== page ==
This does not appear to be the gaggle of bureaucrats Maurice encountered on Borneo, but it does show the white shirt and gold braid with which he impressed them. Besides, it answers the perennial question: why fly around the world? Clearly, the answer is not: "Because it's there!"

Problem 1 - No military clearance had been obtained by our man in Jakarta! I needed both civilian and military to enter Indonesia.

Problem 2 - No Flight plan had been received.

Problem 3 - No radio contact as the transponder worked but drained the power each time I tried to transmit.

`They are only doing their job', Kirstie said on the mobile, in a snatched chance to speak to anyone else, whilst I was searched and camera film was viewed from Darwin to Suluesi by air force security.

I finally reached a Hotel some time after 11pm, dragging around my entire luggage for fear of theft, only to have a sleepless night due to the ankle and a bed crawling with ants!

Around 8 in the morning, after a futile trip round the town trying to buy a battery and an adaptor for my computer, I arrive back at the aircraft only to be greeted by the Commanding Officer of the Air Base of an F16 fighter aircraft, four of them parked nearby. By his direct questions he had established in a minute or so just who taught me to fly, how little and old the aircraft really was and my side of the problems on radio and clearances, now before me. A few chosen words by the CO of the Base to all around and appropriate arm gestures for action and I was having the battery charged, fuel tanker called and clearance to fly on to Malaysia and a photo together, to boot.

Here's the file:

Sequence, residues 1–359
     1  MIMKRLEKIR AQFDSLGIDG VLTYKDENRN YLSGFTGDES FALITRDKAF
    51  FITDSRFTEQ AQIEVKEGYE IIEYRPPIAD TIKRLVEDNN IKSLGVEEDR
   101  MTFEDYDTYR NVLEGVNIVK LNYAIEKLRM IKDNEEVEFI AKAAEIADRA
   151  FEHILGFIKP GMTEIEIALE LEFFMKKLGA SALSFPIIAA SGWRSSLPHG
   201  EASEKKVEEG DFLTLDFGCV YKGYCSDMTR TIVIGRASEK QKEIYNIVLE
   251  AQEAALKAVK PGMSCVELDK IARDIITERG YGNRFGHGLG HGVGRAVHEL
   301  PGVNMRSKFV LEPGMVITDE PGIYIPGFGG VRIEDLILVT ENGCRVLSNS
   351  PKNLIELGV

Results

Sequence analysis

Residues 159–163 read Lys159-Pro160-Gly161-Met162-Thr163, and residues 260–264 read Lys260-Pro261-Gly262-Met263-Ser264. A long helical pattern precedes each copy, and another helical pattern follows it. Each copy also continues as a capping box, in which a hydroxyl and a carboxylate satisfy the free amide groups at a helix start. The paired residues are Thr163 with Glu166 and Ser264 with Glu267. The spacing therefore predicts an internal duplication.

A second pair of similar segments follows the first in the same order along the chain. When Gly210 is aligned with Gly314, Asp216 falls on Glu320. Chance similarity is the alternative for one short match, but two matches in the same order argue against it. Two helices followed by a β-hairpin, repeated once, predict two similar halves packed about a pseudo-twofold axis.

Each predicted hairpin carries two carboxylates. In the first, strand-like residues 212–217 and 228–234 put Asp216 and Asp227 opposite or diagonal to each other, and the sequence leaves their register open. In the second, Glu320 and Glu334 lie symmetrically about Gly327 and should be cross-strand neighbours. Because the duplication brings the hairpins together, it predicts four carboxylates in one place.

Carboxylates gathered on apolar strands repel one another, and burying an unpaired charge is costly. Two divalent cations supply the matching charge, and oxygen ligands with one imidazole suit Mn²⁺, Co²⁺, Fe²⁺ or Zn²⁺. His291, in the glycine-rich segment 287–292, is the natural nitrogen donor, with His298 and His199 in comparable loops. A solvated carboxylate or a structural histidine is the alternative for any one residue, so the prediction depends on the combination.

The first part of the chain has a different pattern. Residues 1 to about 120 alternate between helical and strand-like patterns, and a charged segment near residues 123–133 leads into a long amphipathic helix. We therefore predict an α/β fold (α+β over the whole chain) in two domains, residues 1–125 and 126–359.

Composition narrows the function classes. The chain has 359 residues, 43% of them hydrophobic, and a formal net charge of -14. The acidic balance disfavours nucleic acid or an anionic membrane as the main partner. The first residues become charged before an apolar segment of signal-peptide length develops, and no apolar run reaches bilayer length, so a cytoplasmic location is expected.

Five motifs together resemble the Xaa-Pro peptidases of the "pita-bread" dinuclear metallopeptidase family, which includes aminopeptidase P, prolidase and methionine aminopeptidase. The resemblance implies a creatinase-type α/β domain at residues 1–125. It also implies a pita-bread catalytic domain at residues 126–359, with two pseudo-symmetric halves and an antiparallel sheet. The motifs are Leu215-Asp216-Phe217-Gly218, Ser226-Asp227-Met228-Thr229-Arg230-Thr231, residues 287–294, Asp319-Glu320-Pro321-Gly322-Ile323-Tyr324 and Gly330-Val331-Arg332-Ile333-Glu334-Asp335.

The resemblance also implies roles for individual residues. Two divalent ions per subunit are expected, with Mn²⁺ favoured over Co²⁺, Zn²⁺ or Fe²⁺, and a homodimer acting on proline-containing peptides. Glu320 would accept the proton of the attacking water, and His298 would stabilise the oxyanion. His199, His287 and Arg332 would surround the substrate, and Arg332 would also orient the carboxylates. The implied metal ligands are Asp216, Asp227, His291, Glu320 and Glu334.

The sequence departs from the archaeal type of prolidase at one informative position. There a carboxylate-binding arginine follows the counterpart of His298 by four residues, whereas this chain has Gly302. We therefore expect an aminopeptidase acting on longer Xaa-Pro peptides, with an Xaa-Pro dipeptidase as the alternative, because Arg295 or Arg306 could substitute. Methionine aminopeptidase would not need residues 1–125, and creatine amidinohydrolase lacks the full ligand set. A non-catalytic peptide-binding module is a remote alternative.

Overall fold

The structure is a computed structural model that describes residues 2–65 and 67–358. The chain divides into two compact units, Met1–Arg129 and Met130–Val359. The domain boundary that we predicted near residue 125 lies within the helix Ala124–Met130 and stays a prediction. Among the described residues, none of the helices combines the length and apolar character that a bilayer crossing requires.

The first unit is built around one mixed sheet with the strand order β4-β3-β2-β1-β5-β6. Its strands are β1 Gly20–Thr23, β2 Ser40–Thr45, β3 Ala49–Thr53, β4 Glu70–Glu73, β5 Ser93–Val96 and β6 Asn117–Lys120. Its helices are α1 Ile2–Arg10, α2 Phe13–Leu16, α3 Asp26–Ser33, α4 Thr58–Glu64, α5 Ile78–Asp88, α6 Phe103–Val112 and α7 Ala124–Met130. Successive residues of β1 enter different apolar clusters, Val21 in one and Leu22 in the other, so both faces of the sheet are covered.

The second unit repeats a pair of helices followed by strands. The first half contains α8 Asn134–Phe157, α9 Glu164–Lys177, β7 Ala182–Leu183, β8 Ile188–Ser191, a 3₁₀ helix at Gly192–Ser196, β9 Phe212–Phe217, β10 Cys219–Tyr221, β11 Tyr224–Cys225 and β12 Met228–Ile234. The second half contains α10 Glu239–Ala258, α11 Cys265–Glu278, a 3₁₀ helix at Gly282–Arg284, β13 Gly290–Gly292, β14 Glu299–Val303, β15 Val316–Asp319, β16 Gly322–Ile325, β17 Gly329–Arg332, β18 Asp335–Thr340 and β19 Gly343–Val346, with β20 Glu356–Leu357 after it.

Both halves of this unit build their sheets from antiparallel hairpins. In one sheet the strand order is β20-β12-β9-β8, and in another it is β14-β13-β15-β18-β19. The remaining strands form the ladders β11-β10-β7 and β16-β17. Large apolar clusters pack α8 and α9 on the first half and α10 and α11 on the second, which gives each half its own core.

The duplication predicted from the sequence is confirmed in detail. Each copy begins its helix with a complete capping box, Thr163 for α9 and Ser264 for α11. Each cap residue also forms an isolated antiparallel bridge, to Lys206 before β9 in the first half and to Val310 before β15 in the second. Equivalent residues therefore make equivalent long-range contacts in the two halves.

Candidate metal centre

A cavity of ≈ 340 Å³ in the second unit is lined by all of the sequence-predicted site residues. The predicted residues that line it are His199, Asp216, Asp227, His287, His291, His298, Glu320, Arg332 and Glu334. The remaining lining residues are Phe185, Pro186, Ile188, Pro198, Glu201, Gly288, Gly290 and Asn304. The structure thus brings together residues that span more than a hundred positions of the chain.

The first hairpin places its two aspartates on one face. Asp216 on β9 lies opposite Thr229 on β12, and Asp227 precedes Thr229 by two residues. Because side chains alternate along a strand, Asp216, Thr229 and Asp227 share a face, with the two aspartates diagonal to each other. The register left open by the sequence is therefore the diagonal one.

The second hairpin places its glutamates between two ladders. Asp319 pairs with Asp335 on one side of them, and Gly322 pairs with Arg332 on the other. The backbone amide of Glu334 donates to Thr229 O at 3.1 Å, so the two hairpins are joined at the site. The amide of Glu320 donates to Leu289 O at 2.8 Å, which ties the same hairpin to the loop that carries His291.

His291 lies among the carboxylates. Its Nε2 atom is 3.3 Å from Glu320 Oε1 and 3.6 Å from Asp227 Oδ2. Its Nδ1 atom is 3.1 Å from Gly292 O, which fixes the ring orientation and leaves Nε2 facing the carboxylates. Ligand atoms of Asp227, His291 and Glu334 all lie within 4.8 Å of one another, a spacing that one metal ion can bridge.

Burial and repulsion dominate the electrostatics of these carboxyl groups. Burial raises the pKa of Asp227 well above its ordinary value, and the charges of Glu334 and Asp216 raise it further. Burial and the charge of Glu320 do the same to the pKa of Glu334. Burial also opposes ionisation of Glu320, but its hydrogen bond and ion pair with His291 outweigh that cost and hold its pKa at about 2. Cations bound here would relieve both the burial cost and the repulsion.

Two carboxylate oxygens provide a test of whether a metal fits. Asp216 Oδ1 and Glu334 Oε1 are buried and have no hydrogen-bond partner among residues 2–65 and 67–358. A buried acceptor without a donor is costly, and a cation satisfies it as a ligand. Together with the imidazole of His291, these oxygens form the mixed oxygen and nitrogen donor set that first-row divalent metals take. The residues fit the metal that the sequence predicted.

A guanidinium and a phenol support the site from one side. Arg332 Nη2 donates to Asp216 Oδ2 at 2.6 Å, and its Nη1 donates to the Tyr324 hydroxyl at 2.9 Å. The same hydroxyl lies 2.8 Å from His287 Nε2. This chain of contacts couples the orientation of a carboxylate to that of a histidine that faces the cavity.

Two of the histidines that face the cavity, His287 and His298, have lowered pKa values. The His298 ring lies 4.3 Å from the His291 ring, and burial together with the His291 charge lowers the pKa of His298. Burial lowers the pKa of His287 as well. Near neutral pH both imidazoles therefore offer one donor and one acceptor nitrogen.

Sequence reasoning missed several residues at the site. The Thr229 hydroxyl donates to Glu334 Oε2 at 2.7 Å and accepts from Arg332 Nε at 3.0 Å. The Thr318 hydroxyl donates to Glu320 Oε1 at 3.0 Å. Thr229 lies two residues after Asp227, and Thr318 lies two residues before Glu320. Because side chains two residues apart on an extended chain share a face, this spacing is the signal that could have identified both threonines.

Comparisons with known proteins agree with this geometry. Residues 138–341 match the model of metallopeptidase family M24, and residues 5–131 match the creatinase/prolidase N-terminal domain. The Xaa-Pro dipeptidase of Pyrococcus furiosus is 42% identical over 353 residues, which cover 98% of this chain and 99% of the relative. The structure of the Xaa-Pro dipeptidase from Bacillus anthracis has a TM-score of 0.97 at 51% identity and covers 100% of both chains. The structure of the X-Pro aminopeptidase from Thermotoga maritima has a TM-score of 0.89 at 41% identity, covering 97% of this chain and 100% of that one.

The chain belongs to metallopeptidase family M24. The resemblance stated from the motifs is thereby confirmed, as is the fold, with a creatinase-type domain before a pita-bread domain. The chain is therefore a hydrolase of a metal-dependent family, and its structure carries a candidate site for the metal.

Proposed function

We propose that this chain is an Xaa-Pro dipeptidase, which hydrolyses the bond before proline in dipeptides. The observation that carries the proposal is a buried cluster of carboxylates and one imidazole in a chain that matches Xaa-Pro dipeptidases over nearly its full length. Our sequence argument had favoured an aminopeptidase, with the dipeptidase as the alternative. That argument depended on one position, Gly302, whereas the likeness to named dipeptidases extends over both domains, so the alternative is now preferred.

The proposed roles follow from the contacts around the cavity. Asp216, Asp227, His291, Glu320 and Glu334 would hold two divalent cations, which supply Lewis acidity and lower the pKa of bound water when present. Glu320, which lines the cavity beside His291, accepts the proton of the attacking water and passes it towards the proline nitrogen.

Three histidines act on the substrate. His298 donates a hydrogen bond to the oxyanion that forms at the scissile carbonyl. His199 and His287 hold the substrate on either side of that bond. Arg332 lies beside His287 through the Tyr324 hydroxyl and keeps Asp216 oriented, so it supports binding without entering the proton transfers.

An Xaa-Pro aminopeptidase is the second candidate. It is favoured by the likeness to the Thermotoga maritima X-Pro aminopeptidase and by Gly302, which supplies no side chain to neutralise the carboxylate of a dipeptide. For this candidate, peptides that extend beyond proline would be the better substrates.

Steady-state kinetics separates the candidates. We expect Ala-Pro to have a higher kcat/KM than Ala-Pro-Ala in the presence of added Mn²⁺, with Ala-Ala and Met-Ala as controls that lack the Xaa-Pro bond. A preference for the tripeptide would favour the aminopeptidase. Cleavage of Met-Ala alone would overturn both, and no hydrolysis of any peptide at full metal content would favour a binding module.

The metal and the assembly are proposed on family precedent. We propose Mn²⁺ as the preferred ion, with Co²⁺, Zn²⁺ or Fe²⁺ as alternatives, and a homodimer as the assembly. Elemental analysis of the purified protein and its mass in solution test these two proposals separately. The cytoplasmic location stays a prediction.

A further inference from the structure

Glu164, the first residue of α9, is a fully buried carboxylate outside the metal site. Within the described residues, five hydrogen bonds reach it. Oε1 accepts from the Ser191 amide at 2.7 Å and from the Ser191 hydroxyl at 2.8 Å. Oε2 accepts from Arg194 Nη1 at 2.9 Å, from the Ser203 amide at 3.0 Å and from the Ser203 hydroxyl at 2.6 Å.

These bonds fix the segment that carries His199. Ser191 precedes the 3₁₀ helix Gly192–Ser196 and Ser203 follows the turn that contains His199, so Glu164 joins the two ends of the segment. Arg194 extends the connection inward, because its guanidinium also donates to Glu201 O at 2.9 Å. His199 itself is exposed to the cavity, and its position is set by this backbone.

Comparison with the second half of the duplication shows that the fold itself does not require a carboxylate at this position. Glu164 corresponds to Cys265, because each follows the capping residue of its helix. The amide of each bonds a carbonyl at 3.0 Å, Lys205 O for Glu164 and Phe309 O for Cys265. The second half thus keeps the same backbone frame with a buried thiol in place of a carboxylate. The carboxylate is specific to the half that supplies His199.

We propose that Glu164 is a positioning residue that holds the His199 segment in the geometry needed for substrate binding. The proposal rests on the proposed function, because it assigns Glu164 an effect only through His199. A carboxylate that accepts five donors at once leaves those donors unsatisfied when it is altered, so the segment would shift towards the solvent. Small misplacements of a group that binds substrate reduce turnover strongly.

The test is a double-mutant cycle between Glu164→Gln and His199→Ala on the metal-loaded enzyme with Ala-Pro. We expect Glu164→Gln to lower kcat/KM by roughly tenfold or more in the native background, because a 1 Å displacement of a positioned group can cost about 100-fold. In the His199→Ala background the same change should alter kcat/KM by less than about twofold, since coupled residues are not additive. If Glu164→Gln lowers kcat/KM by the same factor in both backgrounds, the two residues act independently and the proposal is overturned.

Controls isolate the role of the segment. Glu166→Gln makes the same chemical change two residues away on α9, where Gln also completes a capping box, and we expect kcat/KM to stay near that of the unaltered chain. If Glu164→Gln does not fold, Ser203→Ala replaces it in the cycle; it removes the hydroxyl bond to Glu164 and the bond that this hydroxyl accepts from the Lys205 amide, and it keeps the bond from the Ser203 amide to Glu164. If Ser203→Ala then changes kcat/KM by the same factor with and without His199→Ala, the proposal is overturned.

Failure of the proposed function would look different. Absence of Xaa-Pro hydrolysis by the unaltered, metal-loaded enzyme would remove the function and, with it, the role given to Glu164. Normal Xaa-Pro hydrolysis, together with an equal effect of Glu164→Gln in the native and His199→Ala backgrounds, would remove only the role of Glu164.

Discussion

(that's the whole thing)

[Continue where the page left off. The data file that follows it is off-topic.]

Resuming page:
My flight plan to Lubuan, Sabah Provence of Malaysia, 400 odd miles north was to be by airways corridors. This meant flying at a dizzy flight level 85 for nearly 2 hours at 90 degrees of track on Whisky 36 Airway, before turning on to a northerly Airway roughly in the direction of China.

Just as I left the airfield `Control Zone' the height detecting part of my transponder appeared to stop emitting its signal to the Tower, causing the Controller, to wish me a 'good flight`. Left prematurely unguided I had to cancel my Airways route for safety reasons and fly VFR (Visual flight rules) direct to Lubuan.

It was far from direct as I was skirting around jungle clad mountains for 5 hours, almost touching a branch on one occasion due to a severe down draught. As usual it was a battle between a head wind component causing me to stay `low and slow' or to fly in safer conditions 300 ft higher, even slower with the diminished chance of arriving before dark. I cannot over emphasise the effect on surface wind by mountains...vertically downwards!!

"Look after thine airflow least the ground come up and smite thee"

Other Maurice stories on this site:

Question? Comment? Newsletter? Send me an email. Blue skies! -- Dan Ford

Taildragger Tales